Preparing to implement the General Data Protection Regulations

31 Dec

In Governors’ Agenda, Issue 67 – the summer term issue – we alerted you to the implications of the General Data Protection Regulations that were to come into effect on 25 May 2018.  If your governing board has not begun to address the issue, it is high time that members begin to act.

While it isn’t the function of governors to appoint a Data Protection Officer (DPO), as this is an operational matter, they should offer support and scrutiny on her/his appointment.  It is the role of the Headteacher to propose how best to appoint such a person and then take the necessary action to find a suitable person to discharge the functions of securing the data held at the school/academy.

Some schools/academies have decided to use consultancy rather than make DPO appointments.  If that is what your headteacher is proposing to do, governors should closely question her/him about the rationale and criteria for the choice.

Where the headteacher proposes to appoint an existing staff member to undertake the preparatory work, governors should ensure that this person is suitably qualified to do the job and has the time for it.

The governors should appoint one of their members to oversee the work being done in the area of data protection – for want of a better term, “a data protection champion”, who can, when formally visiting the school/academy in the course of the normal school day satisfy herself/himself that the work is being done well.

Data protection should be an item on the agenda of at least one governors’ meeting in the run-up to 25 May 2018.

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Government publishes careers strategy

31 Dec

I        The Four Themes of the Career Strategy

In the second week of November 2017, the Apprenticeship and Skills Minister, Anne Milton, set out four themes which will underpin the government’s careers strategy.  These are as follows.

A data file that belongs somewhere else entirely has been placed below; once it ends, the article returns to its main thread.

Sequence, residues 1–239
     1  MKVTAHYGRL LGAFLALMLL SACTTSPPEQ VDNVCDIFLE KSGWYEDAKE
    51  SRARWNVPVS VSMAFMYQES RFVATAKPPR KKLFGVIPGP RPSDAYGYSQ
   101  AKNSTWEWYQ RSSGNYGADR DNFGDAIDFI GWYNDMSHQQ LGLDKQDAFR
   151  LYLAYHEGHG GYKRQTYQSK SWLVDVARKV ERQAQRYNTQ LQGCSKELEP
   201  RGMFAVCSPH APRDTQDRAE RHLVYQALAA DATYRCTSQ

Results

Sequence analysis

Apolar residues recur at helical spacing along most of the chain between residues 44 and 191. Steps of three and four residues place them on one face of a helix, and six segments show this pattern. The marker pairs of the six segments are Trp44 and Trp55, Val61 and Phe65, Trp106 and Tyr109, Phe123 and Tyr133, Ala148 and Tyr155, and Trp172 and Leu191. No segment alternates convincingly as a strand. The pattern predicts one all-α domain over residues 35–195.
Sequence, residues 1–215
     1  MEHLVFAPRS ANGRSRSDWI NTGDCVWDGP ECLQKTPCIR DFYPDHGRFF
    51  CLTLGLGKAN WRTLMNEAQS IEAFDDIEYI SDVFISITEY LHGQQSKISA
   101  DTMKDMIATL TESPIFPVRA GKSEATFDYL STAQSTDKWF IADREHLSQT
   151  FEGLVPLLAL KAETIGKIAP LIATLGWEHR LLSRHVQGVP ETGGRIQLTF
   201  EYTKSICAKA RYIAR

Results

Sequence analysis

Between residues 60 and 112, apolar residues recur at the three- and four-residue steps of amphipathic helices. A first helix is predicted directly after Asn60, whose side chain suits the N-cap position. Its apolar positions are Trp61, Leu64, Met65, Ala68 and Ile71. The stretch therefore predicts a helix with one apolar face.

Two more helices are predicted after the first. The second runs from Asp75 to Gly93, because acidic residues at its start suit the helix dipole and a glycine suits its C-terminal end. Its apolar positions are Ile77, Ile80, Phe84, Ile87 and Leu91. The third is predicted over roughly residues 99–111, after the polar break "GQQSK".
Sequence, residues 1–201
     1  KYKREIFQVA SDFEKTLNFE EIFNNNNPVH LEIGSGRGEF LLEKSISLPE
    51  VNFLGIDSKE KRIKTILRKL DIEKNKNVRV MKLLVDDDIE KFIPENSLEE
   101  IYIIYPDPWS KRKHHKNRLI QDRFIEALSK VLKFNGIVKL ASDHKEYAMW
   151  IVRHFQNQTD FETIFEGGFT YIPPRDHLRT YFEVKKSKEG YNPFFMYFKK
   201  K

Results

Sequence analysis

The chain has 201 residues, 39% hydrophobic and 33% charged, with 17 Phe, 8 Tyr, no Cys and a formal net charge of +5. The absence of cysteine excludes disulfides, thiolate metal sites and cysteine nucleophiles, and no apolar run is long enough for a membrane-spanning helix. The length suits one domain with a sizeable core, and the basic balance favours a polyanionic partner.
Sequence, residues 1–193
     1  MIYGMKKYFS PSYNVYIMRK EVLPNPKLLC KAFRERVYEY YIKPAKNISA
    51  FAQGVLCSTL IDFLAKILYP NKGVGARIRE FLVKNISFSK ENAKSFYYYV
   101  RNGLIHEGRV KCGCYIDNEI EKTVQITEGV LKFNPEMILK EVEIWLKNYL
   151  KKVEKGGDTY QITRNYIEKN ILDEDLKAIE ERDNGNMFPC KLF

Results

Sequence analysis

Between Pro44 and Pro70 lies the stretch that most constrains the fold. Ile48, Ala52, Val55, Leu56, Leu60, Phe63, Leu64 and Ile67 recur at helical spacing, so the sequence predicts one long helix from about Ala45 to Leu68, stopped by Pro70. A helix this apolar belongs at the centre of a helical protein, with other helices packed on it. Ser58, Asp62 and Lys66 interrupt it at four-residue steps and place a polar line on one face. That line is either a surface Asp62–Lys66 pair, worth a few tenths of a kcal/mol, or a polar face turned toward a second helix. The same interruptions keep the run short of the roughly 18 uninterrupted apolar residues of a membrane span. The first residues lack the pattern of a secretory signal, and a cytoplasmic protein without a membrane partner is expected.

(1)        “A high-quality careers programme in every school and college” based on the Gatsby Foundation’s benchmarks for good careers guidance.

(2)        “Encounters with providers and employers” especially focusing on the work of the Careers and Enterprise Company in the DfE’s 12 Opportunities Areas, i.e. Blackpool, Derby, Norwich, Oldham, Scarborough, West Somerset, Bradford, Doncaster, Fenland and East Cambridgeshire, Hastings, Ipswich and Stoke-on-Trent.

A key aim of an opportunity area will be to build young people’s knowledge and skills and provide them with the best advice and opportunities, including working with organisations such as the Careers and Enterprise Company, the Confederation of British Industries, the Federation of Small Businesses and the National Citizen Service.

The increased DfE opportunity area funding of £72 million will support local education providers and communities to address the biggest challenges in the 12 areas.  The opportunity areas will have priority access to other DfE support including the Teaching and Leadership Innovation Fund worth £75 million, focused on assisting teachers and school leaders in challenging areas to develop.

The Department for Education (DfE) aims to ensure that children (in the words of Secretary of State Justine Greening) “get the best start in the early years, to build teaching and leadership capacity in schools, to increase access to university, to strengthen technical pathways for young people and work with employers to improve young people’s access to the right advice and experiences.   The DfE will work with each opportunity area to respond to local priorities and needs – because each area will have its own challenges.”

(3)        Ms Milton acknowledged that the “careers profession has experienced many shocks in recent years” and that the government will look to support qualified advisers to deliver tailored guidance through the National Careers Service and other organisations.

(4)        The final theme is to improve the use of data. Ms Milton said that “more needs to be done to make destination data easier to interpret” and that the government will look to improve this.

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Valuing Values in Education

18 Aug